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March 20, 2023

New coalition targets pharmacy benefit managers

Photo | Grant Welker CVS on West Boylston Street in Worcester

A new group of patient advocates, business leaders and independent pharmacists will wade into debate this term over the role of pharmacy benefit managers at a time when prescription drug prices are on the rise.

Taking aim at a topic where lawmakers have been unable to achieve consensus, founding organizations launched the "Patients Not PBMs" coalition on Thursday and said they would work together to press for legislation to subject the industry subset to additional transparency.

Policymakers and regulators have long weighed reforms to oversight of pharmacy benefit managers, which negotiate between drug manufacturers, pharmacies and health plans.

"The time has come to simplify the pharmacy benefit, including reimbursement to pharmacies, and to increase transparency so that PBMs cannot manipulate the system to their own advantage at the expense of employers and patients," Massachusetts Independent Pharmacists Association Executive Director Todd Brown said in a statement. "By holding PBMs' feet to the fire, we can do just that."

Members of the Patients Not Profits coalition include the Cambridge Chamber of Commerce, Lupus Foundation of New England, RARE New England, Diabetes Patient Advocacy Coalition, Patient Pocket Protector Coalition, Institute for Pediatric Innovation, and PhRMA.

Opponents contend that PBMs serve as "middlemen" and drive up overall health care spending -- a trend state government has struggled to control -- while directing patients toward larger retail pharmacies with which they are aligned.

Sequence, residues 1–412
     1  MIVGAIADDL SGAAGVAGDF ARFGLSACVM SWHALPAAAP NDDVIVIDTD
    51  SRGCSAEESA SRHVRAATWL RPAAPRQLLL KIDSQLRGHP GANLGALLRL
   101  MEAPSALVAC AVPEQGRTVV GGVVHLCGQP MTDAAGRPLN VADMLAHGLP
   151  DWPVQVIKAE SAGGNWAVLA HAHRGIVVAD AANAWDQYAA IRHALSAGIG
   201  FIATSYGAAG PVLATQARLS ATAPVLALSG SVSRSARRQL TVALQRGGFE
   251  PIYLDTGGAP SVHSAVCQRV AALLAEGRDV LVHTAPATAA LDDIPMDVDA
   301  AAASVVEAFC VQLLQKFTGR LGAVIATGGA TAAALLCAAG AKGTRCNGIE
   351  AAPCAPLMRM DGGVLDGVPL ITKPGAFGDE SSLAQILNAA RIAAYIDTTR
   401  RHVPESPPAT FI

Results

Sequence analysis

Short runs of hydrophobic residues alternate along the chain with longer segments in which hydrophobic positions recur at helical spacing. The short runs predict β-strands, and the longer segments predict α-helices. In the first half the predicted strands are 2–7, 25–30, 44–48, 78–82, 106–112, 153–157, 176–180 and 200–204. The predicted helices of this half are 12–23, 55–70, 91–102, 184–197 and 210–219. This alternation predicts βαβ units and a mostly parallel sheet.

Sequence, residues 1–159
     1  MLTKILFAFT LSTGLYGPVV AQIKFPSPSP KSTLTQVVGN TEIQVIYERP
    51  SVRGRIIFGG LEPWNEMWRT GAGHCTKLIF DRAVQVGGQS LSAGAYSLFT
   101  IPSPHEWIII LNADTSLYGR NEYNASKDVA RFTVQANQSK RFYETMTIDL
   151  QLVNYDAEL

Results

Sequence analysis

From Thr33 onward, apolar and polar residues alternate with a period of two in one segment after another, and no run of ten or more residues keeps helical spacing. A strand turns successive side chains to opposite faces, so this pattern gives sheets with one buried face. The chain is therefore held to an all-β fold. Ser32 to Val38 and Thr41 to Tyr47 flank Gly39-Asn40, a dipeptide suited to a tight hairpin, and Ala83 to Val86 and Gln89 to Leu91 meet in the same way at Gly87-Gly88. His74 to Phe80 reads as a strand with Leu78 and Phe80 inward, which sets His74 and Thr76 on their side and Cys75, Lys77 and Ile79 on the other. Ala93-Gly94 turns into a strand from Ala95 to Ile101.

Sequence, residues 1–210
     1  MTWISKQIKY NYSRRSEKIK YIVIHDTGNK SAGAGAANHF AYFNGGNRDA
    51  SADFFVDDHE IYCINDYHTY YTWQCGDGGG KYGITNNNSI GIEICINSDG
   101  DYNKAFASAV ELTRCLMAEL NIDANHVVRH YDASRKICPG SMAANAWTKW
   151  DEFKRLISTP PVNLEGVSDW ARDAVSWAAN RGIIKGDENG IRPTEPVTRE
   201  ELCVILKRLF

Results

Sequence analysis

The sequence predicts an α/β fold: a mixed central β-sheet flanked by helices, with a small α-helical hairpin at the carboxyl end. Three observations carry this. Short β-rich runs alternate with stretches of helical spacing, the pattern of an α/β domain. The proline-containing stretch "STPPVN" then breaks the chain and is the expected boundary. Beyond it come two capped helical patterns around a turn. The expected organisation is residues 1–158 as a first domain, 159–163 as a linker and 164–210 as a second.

The new coalition described PBMs as "some of the most profitable corporations that most Americans have never heard of."

Express Scripts, CVS Caremark and OptumRx collectively control more than 70 percent of the PBM market, according to the Patients Not PBMs coalition, which said the companies "grab tens of billions of dollars in rebates and discounts on medicines that should be passed on to consumers."

The coalition endorsed four bills. One proposal (H 978) would require health insurers to certify how drug rebates were used. Other legislation the group backs calls for PBMs to be licensed and offer patients a "reasonable" network to access prescription drugs (H 1215), limits the income they can receive from health insurers (H 934) and specifically outlines their job duties (H 1016).

Supporters of the role that PBMs play argue that they can in fact reduce costs by incentivizing patients to use pharmacies with lower drug sale prices.

In recent weeks, the group Save Our Benefits Massachusetts has been running advertisements in Massachusetts newsletters such as POLITICO and MASSterList saying that PBMs "create competition to bring prescription drug costs down."

CJ Chapman, a spokesperson for Save Our Benefits Massachusetts, said Friday afternoon the coalition is "an organization of regional chambers of commerce, economic development councils, and organized labor focused on ensuring competition within the pharmaceutical industry."

"At a time when pharmaceutical costs are sky rocketing in Massachusetts, pharmacy benefit managers are the only entities working to push prices lower by forcing pharmaceutical manufacturers to compete while their profits soar," Chapman said.

The arrival of a the Patients Not Profits coalition pushing for reforms to rein in the role of PBMs comes after legislative efforts around the topic have stalled out.

In two straight legislative terms, the Senate approved a bill aimed at reducing prescription drug costs and subjecting PBMs to new scrutiny, but the House never advanced either measure. Top House Democrats instead sought unsuccessfully to bulk up the regulatory process that larger hospitals face when they try to expand into markets covered by smaller community hospitals.

Legislative leaders have not given any clear indication they are on the same page when it comes to health care reform this session, with House Speaker Ron Mariano and Senate President Karen Spilka each using their inaugural addresses to call once again for action on the issue their individual branch pursued in the past.

Mariano did, however, signal last year that he wants to strengthen the Health Policy Commission with analysts better equipped to analyze prescription drug trends and the role of pharmacy benefit managers.

The HPC itself has called for legislative action to boost its scrutiny of the pharmaceutical sector.

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